Every baby is offered newborn blood spot screening, usually when they are 5 days old. A special card is used for collecting the blood spot sample.
We began a review of the current blood spot card last year and after lots of hard work new cards will start to be used from October 2018.
Unexpired old cards should be used up before starting with the new cards, meaning there will be a period of transition where some areas are using the new card and some the old card.
What's different about the new card
It’s bigger, white and has one detachable flimsy (the sheet of paper which copies the information written on the card to the sheet below).
Only one version of the card will be used across England and Northern Ireland.
The new design makes it easier to complete, trace the family and contact the sample taker if there is a problem with the card or if a repeat is needed.
There are new fields to be aware of, including:
- a new grey shaded area with information on a baby's barcoded NHS number label
- sample taker’s trust/organisation name or maternity code
- sample taker’s ID number/Nursing and Midwifery Council PIN number
- telephone number of office/ward
- a new space next to the NHS logo for laboratories to use
We have removed 2 fields from the new card. These are the boxes to fill in the:
- box to fill in the primary care trust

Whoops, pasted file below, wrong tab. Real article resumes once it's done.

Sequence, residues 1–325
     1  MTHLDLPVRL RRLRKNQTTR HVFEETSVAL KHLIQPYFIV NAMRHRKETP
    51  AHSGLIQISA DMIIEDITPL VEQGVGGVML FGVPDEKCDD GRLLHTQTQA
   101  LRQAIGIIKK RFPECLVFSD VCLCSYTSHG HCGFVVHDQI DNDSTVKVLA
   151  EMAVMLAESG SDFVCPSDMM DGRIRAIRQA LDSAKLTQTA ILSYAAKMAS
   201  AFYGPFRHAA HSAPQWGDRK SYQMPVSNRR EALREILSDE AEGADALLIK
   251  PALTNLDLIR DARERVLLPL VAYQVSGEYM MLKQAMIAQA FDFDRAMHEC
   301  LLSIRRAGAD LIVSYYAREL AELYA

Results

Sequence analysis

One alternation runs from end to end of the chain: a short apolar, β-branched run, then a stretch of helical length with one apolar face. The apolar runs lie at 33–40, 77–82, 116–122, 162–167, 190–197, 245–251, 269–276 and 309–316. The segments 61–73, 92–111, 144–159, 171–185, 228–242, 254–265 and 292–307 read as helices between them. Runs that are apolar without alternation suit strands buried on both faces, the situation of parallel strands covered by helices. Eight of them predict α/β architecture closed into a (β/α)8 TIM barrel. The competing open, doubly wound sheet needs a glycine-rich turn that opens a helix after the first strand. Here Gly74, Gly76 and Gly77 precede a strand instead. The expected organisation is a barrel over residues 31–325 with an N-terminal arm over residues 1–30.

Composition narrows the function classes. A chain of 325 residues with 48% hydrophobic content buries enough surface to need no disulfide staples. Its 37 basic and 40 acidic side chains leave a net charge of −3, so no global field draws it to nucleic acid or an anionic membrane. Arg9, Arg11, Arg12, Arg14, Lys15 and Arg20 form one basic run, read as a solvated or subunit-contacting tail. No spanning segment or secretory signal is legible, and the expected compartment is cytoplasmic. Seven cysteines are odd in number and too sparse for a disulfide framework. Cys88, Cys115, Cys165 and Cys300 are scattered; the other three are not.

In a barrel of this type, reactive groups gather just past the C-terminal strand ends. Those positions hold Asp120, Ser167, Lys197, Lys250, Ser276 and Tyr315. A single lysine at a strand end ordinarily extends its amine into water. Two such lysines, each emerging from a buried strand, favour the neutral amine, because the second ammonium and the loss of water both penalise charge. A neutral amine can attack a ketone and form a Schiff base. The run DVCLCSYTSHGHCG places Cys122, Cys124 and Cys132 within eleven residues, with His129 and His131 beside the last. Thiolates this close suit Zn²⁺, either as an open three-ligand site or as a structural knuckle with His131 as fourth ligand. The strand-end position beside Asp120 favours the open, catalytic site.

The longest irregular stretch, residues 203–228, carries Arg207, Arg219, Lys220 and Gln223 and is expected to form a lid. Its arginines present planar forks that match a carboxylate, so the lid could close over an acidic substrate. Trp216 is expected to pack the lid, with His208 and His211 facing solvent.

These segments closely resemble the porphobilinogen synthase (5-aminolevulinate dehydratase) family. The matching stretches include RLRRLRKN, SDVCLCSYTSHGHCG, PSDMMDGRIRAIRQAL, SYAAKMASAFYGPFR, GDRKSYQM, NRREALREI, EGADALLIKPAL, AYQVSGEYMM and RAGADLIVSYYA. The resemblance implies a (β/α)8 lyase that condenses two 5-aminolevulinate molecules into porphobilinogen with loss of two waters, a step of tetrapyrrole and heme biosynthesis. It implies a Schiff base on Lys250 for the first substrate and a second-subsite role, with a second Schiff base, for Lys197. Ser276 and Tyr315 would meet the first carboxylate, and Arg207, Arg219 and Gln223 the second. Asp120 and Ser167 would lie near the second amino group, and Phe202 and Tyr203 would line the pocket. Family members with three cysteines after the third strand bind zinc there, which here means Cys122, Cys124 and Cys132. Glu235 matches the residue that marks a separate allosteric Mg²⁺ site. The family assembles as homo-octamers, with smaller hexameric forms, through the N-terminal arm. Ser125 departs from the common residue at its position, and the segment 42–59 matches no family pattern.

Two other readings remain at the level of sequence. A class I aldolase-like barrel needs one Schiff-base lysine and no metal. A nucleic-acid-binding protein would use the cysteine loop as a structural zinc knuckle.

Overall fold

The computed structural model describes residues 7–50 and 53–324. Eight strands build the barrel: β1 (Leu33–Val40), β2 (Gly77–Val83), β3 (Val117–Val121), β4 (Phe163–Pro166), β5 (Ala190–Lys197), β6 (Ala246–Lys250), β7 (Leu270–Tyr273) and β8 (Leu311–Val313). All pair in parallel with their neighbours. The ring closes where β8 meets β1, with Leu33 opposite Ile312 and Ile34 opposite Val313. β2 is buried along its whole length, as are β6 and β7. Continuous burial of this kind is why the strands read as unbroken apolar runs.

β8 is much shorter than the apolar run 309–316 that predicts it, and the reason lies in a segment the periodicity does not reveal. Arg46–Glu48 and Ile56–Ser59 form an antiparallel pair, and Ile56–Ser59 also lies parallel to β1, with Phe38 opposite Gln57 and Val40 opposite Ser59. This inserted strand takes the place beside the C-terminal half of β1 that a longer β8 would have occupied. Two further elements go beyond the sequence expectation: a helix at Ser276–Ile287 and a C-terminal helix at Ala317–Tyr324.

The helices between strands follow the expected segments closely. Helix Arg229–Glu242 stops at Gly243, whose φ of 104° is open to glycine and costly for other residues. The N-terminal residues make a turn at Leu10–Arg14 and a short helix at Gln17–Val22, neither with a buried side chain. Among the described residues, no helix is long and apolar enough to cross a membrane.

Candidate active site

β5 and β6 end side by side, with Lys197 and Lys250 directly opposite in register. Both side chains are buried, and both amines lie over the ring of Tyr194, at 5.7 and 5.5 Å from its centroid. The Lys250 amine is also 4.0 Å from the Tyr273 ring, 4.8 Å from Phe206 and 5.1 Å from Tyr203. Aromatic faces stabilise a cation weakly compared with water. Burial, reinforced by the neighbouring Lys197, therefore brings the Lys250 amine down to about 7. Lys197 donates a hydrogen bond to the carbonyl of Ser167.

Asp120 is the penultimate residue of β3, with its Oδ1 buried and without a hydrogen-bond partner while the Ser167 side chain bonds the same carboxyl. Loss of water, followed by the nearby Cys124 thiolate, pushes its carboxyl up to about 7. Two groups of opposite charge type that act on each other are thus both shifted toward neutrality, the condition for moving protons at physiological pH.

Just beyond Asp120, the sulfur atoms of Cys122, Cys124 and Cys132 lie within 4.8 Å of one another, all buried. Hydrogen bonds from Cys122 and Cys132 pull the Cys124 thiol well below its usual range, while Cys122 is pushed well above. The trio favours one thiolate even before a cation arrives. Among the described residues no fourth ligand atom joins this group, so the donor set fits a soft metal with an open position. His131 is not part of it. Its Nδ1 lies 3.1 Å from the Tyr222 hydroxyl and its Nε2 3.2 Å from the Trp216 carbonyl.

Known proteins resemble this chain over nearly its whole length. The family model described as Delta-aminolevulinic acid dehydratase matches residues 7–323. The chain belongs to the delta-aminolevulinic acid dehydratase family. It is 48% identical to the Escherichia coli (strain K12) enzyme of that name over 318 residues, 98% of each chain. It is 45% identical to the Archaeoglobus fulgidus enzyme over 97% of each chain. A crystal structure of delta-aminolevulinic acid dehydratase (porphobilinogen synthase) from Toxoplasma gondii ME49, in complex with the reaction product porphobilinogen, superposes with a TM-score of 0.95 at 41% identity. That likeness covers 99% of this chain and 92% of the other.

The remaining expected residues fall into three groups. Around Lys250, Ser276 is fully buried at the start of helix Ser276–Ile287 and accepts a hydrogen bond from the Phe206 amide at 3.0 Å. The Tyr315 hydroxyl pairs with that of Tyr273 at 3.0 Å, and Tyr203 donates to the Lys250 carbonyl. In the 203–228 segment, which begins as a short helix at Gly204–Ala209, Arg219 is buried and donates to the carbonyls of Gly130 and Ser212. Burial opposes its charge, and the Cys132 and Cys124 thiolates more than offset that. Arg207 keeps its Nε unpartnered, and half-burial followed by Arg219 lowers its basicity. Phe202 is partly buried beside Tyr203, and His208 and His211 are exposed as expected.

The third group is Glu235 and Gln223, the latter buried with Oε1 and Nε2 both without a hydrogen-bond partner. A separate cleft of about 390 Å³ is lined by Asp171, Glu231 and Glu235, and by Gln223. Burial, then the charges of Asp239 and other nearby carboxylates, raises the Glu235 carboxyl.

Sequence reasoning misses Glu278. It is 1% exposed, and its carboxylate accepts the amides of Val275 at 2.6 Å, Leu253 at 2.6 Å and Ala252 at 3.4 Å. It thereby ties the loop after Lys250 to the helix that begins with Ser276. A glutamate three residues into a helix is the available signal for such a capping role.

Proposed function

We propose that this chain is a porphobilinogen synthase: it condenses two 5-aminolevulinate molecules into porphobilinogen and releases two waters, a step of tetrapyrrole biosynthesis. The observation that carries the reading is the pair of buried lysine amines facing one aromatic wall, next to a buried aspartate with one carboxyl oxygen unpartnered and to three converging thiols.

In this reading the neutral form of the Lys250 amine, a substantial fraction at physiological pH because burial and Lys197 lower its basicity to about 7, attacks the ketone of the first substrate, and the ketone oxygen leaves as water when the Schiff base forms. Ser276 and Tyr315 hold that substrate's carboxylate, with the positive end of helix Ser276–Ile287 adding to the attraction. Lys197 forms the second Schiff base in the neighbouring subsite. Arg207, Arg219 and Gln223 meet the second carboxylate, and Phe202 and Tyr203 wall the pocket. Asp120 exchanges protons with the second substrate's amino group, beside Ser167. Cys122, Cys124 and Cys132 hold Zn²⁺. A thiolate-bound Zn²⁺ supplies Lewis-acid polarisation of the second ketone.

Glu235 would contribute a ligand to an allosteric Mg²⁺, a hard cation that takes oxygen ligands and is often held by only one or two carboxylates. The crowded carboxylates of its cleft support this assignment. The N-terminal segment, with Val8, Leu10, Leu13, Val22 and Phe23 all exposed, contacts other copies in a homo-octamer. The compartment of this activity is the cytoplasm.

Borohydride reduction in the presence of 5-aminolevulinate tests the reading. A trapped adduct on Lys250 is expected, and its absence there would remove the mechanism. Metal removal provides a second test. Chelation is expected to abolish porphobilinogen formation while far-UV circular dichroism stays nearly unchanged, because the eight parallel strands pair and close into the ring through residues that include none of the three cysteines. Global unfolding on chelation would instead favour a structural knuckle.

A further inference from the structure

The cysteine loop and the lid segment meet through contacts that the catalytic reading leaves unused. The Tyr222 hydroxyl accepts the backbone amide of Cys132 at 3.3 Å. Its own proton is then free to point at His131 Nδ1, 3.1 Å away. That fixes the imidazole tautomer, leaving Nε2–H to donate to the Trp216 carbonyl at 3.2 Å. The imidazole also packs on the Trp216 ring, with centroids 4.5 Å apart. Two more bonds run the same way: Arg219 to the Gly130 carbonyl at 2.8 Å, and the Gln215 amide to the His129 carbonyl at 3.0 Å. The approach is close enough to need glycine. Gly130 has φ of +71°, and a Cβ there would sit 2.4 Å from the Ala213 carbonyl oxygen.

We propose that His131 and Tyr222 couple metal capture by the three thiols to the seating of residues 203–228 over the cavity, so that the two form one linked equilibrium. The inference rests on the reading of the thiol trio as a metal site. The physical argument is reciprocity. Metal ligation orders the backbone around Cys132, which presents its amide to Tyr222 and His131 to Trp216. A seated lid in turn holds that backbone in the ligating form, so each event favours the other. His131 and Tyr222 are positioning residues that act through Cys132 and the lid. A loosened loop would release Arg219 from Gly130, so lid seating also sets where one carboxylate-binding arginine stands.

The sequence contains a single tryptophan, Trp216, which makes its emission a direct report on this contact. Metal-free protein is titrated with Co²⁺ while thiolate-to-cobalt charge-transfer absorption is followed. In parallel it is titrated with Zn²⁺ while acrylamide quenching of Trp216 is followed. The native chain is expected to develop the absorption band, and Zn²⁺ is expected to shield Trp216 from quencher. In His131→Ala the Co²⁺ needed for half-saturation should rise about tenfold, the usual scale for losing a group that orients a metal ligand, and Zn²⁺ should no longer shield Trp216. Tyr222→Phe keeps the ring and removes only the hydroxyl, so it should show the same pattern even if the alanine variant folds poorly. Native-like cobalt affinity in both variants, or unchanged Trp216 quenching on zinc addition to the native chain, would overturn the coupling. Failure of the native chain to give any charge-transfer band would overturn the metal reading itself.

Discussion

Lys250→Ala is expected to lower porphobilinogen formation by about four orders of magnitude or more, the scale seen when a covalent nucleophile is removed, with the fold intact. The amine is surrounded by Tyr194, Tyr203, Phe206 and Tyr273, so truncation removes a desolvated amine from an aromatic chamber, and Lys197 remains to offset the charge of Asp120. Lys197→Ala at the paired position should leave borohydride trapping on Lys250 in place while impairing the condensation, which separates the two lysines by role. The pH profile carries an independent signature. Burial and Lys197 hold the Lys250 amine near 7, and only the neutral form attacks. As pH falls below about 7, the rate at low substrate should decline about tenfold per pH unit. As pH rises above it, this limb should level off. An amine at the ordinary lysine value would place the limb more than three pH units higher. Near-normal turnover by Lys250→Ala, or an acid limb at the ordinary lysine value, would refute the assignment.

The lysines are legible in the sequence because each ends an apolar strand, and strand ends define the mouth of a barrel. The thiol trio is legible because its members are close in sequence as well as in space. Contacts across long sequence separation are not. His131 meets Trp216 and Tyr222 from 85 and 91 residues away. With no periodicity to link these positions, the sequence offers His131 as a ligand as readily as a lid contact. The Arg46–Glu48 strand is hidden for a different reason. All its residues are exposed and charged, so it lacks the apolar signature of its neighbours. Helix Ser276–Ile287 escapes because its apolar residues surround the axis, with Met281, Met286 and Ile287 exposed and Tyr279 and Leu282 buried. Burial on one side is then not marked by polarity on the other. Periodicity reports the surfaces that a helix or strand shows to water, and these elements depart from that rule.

- box to fill in baby’s surname on filter paper
Why we changed the card
Since 2015, real progress has been made with improving blood spot quality and reducing the number of avoidable repeat samples needed.
In England there were still about 20,000 avoidable repeat blood spot samples between 1 April 2016 and 31 March 2017, as set out in our Data collection and performance analysis report 2016 to 2017.
Over a quarter of avoidable repeats were due to an expired blood spot card or a missing or inaccurate baby's NHS number, date of birth or sample date.
We have changed the card to cut down on these kinds of common avoidable repeats.
All’s well that ENDS well
Using this well-known phrase will help you remember to avoid making 4 common mistakes:
E - Expiry date (do check that the card hasn't expired!)
N - baby’s NHS number
D - baby’s Date of birth
S - Sample date
Reducing avoidable repeats will:
- prevent delays in treating babies with serious conditions
- prevent worry for parents and distress to babies
- save the NHS approximately £100 per repeat (up to £20 million per year)
The newborn blood spot card module, which explains about the new card and what happens to blood spots after screening, has been updated. An interactive card shows how to complete all the new fields correctly and why they are important.
The newborn blood spot conditions module has also been updated. It merges the previous e-learning unit and explains the 9 rare but serious conditions which newborn blood spot screening covers.
PHE Screening blogs